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France’s interior minister has asked police to ban a pro-Palestinian protest in Paris this weekend against the recent escalation of Israeli air raids in the besieged Palestinian territory of Gaza and crackdowns in the occupied East Jerusalem and West Bank.

“I have asked the Paris police chief to ban the protests on Saturday linked to the recent tensions in the Middle East,” Gerald Darmanin, France’s interior minister wrote on Twitter on Thursday.

“Serious disturbances to the public order were noted in 2014,” he said, referring to protests against an Israeli offensive on Gaza that year.

“Instructions were given to prefects to be particularly vigilant and firm,” he added.

Activists had called the protest in the Barbes district of northern Paris to demonstrate against Israel’s intensifying aerial bombardment of the Gaza Strip.

More than 100 people have been killed in Gaza since Monday, including 27 children, according to the enclave’s health authorities, and more than 580 others wounded after heavy Israeli attacks.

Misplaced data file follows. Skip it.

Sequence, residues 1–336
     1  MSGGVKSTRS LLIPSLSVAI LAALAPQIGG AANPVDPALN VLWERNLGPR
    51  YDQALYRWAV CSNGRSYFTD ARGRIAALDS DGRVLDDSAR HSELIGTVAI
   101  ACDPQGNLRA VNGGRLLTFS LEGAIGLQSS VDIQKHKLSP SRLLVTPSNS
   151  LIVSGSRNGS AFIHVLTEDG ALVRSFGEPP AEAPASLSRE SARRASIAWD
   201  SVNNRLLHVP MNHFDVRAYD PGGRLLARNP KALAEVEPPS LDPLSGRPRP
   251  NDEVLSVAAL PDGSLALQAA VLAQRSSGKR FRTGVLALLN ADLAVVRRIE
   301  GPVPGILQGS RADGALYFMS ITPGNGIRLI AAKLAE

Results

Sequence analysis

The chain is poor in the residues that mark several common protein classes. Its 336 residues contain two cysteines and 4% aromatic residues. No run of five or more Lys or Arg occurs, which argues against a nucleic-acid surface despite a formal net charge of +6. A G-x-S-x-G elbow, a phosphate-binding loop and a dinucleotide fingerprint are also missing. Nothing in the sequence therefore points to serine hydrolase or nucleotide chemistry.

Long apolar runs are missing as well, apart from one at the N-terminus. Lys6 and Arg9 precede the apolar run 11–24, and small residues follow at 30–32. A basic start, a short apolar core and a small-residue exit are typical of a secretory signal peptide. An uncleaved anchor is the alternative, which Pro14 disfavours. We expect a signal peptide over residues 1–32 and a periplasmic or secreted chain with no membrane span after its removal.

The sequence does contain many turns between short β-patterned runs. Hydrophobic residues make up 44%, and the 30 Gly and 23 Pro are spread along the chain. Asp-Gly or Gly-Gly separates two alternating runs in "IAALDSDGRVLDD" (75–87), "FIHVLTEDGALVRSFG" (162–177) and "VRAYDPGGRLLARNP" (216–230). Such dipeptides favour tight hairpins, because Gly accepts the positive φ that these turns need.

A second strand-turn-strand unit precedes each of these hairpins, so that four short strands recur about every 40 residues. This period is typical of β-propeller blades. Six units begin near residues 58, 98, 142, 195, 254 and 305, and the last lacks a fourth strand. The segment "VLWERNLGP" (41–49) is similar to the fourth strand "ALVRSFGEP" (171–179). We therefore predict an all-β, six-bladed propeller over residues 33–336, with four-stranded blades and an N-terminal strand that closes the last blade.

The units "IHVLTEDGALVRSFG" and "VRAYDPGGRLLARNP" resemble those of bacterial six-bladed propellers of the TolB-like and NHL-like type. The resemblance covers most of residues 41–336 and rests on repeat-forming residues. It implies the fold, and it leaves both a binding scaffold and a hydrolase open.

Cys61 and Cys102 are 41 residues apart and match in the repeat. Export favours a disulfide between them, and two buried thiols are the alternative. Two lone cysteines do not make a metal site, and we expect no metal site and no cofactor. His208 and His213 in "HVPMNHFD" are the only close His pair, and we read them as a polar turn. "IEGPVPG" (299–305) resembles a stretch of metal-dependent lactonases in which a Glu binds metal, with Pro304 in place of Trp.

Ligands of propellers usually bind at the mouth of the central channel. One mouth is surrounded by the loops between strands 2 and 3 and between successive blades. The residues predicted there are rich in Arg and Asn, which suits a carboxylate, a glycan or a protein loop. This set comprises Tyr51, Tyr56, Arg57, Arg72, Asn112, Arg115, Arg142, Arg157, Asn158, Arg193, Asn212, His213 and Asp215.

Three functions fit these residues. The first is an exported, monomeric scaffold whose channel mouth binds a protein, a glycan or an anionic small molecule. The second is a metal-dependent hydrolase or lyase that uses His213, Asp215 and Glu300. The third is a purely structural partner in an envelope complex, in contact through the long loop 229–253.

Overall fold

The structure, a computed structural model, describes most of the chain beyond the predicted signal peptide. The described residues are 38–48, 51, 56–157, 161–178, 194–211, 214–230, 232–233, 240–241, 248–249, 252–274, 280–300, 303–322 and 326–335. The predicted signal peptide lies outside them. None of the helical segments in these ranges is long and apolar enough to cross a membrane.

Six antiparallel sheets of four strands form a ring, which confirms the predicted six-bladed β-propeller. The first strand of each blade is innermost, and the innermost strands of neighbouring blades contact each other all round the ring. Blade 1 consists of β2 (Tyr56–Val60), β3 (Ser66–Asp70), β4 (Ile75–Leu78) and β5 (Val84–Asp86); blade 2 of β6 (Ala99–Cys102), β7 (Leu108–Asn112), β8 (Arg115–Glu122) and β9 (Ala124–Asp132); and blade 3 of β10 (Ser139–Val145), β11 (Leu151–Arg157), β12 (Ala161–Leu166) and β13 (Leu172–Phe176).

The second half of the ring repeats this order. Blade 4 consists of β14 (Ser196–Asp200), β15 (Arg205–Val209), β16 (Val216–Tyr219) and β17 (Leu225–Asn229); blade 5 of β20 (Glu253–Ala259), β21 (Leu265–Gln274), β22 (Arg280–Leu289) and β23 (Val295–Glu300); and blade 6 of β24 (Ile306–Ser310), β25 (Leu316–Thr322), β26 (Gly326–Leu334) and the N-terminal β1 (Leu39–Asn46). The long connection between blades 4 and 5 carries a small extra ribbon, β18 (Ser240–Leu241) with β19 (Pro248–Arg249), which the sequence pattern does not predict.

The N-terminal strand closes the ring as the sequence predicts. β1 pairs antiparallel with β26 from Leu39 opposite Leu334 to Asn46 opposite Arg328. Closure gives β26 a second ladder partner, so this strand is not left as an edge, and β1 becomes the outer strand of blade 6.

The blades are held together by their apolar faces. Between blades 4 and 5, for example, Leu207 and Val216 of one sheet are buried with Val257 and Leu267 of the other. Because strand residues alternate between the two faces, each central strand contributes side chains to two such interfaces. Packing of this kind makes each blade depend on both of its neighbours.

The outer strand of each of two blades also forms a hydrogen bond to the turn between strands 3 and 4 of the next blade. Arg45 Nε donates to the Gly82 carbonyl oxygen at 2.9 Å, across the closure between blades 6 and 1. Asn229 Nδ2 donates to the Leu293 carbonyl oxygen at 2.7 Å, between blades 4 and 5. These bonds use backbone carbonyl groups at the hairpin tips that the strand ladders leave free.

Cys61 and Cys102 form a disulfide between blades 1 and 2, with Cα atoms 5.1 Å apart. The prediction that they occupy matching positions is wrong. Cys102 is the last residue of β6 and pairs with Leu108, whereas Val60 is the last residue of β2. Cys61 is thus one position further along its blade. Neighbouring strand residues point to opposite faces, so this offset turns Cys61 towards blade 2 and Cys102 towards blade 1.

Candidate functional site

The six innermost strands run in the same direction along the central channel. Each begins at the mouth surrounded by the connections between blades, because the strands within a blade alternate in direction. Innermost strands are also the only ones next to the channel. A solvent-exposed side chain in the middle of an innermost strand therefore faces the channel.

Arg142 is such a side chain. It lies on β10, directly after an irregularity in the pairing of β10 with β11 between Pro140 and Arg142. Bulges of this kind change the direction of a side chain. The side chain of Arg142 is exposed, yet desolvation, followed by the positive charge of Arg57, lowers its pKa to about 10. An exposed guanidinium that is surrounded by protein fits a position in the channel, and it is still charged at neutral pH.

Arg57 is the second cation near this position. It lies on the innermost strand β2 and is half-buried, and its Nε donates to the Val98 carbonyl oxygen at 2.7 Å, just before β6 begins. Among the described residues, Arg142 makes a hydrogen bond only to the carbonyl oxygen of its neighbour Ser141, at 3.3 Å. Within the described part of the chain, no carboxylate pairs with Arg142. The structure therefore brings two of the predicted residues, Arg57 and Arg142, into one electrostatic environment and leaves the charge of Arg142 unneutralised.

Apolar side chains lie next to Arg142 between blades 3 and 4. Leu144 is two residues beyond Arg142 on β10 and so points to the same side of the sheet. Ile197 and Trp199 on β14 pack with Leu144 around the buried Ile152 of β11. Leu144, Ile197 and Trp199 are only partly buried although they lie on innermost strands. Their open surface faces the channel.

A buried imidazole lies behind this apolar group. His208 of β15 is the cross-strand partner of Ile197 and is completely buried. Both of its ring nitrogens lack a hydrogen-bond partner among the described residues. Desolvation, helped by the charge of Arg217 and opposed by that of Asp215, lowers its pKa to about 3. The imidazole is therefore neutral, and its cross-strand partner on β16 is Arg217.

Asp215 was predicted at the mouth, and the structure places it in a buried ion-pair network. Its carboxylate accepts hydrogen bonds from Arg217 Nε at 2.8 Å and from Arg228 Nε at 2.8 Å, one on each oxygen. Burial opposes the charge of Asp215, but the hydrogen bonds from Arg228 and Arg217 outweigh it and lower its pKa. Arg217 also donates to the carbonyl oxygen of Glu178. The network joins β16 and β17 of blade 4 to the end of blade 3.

At least six Israelis and one Indian national have been killed in Israel from rocket attacks by Hamas, the governing political entity in Gaza.

The escalation in violence came after weeks of tensions in occupied East Jerusalem about a scheduled court ruling on the forced expulsion of several Palestinian families from their homes in the Sheikh Jarrah neighbourhood.

In a circular seen by the AFP news agency, Darmanin also urged local police chiefs to assure the “protection of places of worship, schools, cultural centres and businesses of the Jewish community”.

Several demonstrations took place in France during July 2014 to denounce an Israeli offensive on the Gaza Strip.

On July 19, 2014, several thousand protesters defied a ban on a demonstration at Barbes and the rally rapidly degenerated into violence that lasted for hours.

‘Demonstrating is a right’

The announcement by Darmanin was criticised by activists and politicians who said there was no reason to cancel the protests.